Posts Tagged ‘AIDS

24
Sep
09

New Hope For An AIDS Vaccine

This is not going to be funny. This is just…well, in the words of one of the scientists, “Wow.”

A U.S.-funded study involving more than 16,000 volunteers in Thailand found that a combination of ALVAC, made by Paris- based Sanofi-Aventis SA, and AIDSVAX, from VaxGen Inc., of South San Francisco, cut infections by 31.2 percent in the people who received it compared with those on a placebo, scientists said today in Bangkok. Neither vaccine had stopped the virus that causes AIDS when tested separately in previous studies.

In other words, the research into an AIDS vaccine has broken through, and is now showing promise. A lot of promise. Wow.

I may be showing my age a bit by breathing such a huge sigh of relief here. For those who are too young to remember the terror this disease inflicted on the populous, suffice it to say that it was one of the scarier disease threats I’ve ever witnessed. Not just because of its spread, nor its seeming finality, but because of the ugliness it would bring out in social discourse. The wholly erroneous, disgusting, and dangerous notion was that this disease was confined to perverts, who were doomed anyway. The thing that was especially terrifying and repulsive to me was how widespread the notion seemed, and how the idea of catching a disease suddenly seemed like a social stigma unlike any other. In no other fatal medical situation I have witnessed were so many victims blamed, dismissed, brutalized, and discarded.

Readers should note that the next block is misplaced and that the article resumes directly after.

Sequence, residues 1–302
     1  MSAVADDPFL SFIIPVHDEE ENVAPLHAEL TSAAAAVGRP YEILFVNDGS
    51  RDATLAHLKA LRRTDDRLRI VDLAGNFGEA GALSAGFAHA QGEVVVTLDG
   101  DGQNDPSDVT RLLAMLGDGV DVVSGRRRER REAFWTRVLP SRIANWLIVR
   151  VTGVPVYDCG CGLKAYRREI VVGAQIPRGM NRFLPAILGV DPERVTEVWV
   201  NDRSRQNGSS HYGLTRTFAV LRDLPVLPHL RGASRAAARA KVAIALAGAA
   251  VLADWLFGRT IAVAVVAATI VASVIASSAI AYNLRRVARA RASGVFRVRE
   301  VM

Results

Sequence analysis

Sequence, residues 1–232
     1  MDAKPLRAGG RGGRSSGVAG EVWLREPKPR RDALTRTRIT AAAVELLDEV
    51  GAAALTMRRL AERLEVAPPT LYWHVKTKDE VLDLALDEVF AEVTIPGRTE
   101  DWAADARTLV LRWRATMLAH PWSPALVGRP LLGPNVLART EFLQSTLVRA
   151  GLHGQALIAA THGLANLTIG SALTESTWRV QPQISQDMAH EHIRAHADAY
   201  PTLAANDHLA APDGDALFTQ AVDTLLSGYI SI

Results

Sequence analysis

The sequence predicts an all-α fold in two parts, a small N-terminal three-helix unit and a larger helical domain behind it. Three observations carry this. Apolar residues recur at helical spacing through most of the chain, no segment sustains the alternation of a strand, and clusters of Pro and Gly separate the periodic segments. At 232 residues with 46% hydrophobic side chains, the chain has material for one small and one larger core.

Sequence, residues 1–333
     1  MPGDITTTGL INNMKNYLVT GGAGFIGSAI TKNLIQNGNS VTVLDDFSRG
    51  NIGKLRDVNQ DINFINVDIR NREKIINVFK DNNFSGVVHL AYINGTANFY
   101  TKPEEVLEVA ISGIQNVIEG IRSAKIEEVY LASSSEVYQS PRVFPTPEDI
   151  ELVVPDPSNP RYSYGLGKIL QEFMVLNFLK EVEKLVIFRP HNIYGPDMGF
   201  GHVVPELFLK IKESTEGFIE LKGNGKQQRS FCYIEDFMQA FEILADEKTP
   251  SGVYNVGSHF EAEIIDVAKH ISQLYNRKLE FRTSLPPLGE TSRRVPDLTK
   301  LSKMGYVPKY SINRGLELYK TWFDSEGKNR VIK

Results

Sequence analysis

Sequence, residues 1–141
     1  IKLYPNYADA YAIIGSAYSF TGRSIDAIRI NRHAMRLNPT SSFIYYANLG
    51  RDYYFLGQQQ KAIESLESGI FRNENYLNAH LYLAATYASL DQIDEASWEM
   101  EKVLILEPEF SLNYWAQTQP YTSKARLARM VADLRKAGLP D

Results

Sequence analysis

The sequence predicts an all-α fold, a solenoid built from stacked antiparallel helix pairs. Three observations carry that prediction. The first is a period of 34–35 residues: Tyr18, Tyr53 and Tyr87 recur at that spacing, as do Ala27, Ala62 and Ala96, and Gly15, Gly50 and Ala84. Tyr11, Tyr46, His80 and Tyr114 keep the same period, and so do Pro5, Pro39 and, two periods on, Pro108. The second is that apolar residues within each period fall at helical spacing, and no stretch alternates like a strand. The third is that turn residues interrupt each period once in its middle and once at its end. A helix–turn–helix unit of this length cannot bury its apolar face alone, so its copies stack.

I hope the possible light at the end of the tunnel in the search for a vaccine can be metaphorical here. Because the way the victims of AIDS are/were treated is not funny, and neither is the way the homosexual community is treated in the United States. Just as the experiment can now move on, after 2 years of stalling, maybe we can also push forward and recognize that civility, tolerance, and empathy are what unites us.

In short: AIDS is not, and never was, a gay issue, but rather a health issue. When it was recognized as such, and when we started taking seriously the steps that could be taken to prevent such an atrocity from happening to anyone, we moved forward, in a direction that is both productive and awesome. Likewise, being granted the right to decide how to live and love is not a gay issue; it’s a Civil Rights issue. Hopefully, when it begins to dawn on us that this is true, we can once again move forward, out of darkness, and into a place that can make us proud.

I hope the possible light at the end of the tunnel in the search for a vaccine can be metaphorical here. Because the way the victims of AIDS are/were treated is not funny, and neither is the way the homosexual community is treated in the United States. Just as the experiment can now move on, after 2 years of stalling, maybe we can also push forward and recognize that civility, tolerance, and empathy are what unites us.

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